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How to Glaze Tiles for a New Look


Unless you’ve designed your home from the floor plan to the fixtures, there are probably a few things you’d like to update. Perhaps the vivid paint better suits the previous owners, or the bathroom looks like a time capsule from another decade. For one update that may be on your list—taming colorful porcelain tile—glazing is an inexpensive solution to bring things back to neutral. Best of all, with a little prep work, you can give your tile a modern facelift that will last for years.

Most kits for glazing tile come in white or off-white and include a brush or spray-on epoxy that adheres to high-gloss porcelain and ceramic tiles, sinks and bathtubs. Keep in mind that glazing products are not suitable for acrylic or exposed metal sinks because the epoxy will not adhere properly over time. Speaking of time, be sure to set aside about a week to complete the entire process. Properly preparing the surface is critical, so give yourself plenty of time. 

Depending on which kit and application process you choose, here’s a list of supplies you might need and a basic rundown of how to do the job. Different kits have different procedures, so read and follow the directions to ensure a beautiful finished product. 

Is Glazing for You?

For everyone but an experienced do-it-yourselfer, glazing tile might be better left to an experienced pro. Here are some pros and cons to consider:


  • Cost effective (kits are about $50)
  • DIY possible
  • Adds value to your home and brings new life to tile surfaces


  • Labor intensive
  • Temperature and humidity requirements
  • Room out of commission for duration of project
  • Not meant for all surfaces
  • Chemical process requires extreme care
Once you've decided to tackle this project, here's a list of things you'll need:


  • Rubber gloves
  • Steel wool or wet/dry sandpaper
  • Surface preparation cleaner
  • Dust mask (for scouring)
  • Paper towels
  • Stir sticks
  • Sponges
  • Painter’s masking tape
  • Plastic drop cloth
  • Lacquer thinner for cleanup
  • Bucket
  • Abrasive cleaner
  • Isopropyl alcohol
  • Hard-water remover
  • Bleach
  • Caulk remover tool
  • Humidity and temperature monitor

The Setup

For most tile glazing products, the temperature should be between 75 and 85 degrees Fahrenheit and the humidity less than 80 percent during application and curing. If your porcelain is a dark color, plan on applying more than two coats and an additional epoxy finish.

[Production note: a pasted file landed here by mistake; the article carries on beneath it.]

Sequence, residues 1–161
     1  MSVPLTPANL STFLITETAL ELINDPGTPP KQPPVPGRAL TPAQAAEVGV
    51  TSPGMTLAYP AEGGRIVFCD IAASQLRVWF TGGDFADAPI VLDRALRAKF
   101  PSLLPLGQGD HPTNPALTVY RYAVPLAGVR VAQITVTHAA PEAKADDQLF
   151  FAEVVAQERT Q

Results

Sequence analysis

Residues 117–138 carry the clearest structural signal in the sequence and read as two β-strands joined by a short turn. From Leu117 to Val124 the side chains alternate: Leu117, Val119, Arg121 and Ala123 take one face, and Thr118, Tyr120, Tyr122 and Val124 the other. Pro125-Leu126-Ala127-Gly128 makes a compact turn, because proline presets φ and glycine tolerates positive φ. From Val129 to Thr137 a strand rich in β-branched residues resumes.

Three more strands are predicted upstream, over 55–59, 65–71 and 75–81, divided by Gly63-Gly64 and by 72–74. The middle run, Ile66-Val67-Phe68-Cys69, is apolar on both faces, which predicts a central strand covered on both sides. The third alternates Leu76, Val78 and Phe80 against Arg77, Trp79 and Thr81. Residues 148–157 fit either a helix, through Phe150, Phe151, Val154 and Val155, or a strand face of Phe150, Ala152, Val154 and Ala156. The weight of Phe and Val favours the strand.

Step 1: Prep the Surface

This step is crucial to producing a flawless finish that will last. Be sure to wear protective gloves! Start by repairing cracks or chips, then remove existing caulk. Wipe these areas clean with isopropyl alcohol. Scrub the surface with bleach and water until it is clean, and rinse thoroughly with water. Scrub the surface with an abrasive pad and rinse again. Finally, scour the surface with steel wool or sandpaper with a small, circular motion. This abrasion will allow the epoxy to properly adhere. Rinse again and dry with a paper towel or lint-free cloth. At this point, it is critical that the surface is free of residue. 

Step 2: Mask the Area

Carefully mask off the area surrounding the surface to be painted with a plastic drop cloth. This will protect overspray or drips from reaching unwanted areas, so be sure to cover drains and fixtures, or even remove them before applying the product. 

Step 3: Application

If you’re using a brush, stir the product (shaking will create unwanted bubbles), apply a thin coat with a clean polyester-bristle brush. Spread it evenly, in one direction, across the surface. This primer coat won’t completely hide the color, but will serve as a base coat. Let the first coat dry for three hours. Apply a second coat in the same way you did the first.

If using an aerosol spray, shake the can and spray a small test area to ensure the finish is even. Hold the can about 8 inches from the surface and spray a light coat, using constant motion, starting from the top. After 15 minutes, apply the second coat. 

Step 4: Curing and Use

Leave the masking tape in place for at least 72 hours, ensuring that the room temperature and humidity stay within the aforementioned range. Carefully remove the tape and use the lacquer thinner to clean up any out-of-place epoxy finish. When it’s ready to be used, the surface will be hard like resin. Follow the manufacturer’s instructions on cleaning, and avoid using abrasive cleaning products to maintain the integrity of the glaze.

All in all, glazing tiles can save the expense and hassle of replacing tile or a tub or sink, but it requires a bit of patience and elbow grease. If you’re up to the challenge, be sure to carefully follow the manufacturer’s instructions. In the end, you’ll have an updated look to enjoy for years to come!